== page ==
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  1. #1
    littlecircles bmike's Avatar
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    Editorial in Cali shooting down 3' rule

    Sort of sad. The author misses the point. Especially this:

    Imagine some of our roads — what if it's a two-lane highway with no way to pass a bicyclist unless your vehicle crosses to the opposite side of the road. In fact, unlike current law, the proposed measure allows a car to cross over a double yellow line and enter a center turn lane to pass a bicyclist. Doesn't that increase the risk of a terrible head-on collision?
    A cyclists life is disposable so long as there isn't a car to car or car to truck head on collision? Would we run over the cyclist to stay in our lane? Why not slow down and wait until its safe to pass?

    Does a cyclist have the right to the lane in California?



    I'm hoping something like this will happen here... out of our urban centers VT is a nice place to ride low traffic, friendly folks - but in any of the larger towns folks seem to like to buzz you as close as they can. Having a 3' law, while not perfect, is a good start to reminding drivers we have a right to the road. I'm not sure how enforceable it is... but at least it would be on the books that in theory bikes have rights, and deserve a little room on the road.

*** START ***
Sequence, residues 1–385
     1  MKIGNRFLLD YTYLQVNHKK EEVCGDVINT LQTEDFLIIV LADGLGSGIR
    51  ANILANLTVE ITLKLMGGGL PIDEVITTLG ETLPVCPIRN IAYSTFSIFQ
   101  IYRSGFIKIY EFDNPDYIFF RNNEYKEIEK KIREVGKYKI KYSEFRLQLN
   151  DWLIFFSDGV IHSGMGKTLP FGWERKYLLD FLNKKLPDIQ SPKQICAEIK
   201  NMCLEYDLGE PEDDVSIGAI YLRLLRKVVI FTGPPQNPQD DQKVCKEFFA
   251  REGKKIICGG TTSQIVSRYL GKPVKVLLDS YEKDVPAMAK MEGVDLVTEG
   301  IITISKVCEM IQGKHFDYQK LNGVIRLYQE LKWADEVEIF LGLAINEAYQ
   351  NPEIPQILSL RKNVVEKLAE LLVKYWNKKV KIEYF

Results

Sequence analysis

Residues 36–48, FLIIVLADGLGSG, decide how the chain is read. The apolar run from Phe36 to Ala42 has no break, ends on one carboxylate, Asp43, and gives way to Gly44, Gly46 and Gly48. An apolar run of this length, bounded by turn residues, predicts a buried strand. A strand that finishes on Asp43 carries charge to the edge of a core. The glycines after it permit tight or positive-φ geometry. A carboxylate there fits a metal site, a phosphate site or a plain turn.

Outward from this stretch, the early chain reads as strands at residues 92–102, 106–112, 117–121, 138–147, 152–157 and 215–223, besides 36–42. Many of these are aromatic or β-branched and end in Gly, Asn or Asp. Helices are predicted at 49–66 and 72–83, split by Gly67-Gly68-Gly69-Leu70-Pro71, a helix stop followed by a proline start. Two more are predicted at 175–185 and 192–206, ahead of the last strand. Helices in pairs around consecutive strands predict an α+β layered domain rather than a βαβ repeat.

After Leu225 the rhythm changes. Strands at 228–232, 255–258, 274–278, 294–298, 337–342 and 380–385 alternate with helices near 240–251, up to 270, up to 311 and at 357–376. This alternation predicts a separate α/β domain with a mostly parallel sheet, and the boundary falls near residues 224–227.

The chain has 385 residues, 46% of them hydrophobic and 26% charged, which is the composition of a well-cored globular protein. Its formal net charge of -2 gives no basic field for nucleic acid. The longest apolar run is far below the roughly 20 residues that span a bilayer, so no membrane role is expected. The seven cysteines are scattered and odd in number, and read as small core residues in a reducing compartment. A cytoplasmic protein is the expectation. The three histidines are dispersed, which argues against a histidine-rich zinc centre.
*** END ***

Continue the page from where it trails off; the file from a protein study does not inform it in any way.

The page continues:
2. #2
    Senior Member randya's Avatar
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    The same objections have been raised to the 3' passing law proposed in the Oregon Legislature this session.

  3. #3
    Senior Citizen lyeinyoureye's Avatar
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    Doesn't that increase the risk of a terrible head-on collision?
    Only if the driver is brain dead.

  4. #4
    Conservative Hippie
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    Imagine some of our roads — what if it's a two-lane highway with no way to pass a bicyclist unless your vehicle crosses to the opposite side of the road. In fact, unlike current law, the proposed measure allows a car to cross over a double yellow line and enter a center turn lane to pass a bicyclist. Doesn't that increase the risk of a terrible head-on collision?
    Tells me the author of the article is too dumb to understand to not pass when it's not safe. Also tells me that it's rediculously easy and inexpensive to get a DL in CA, as it is in the rest of the U.S. Absolute minimal training required.

  5. #5
    Senior Moment Member Gee3's Avatar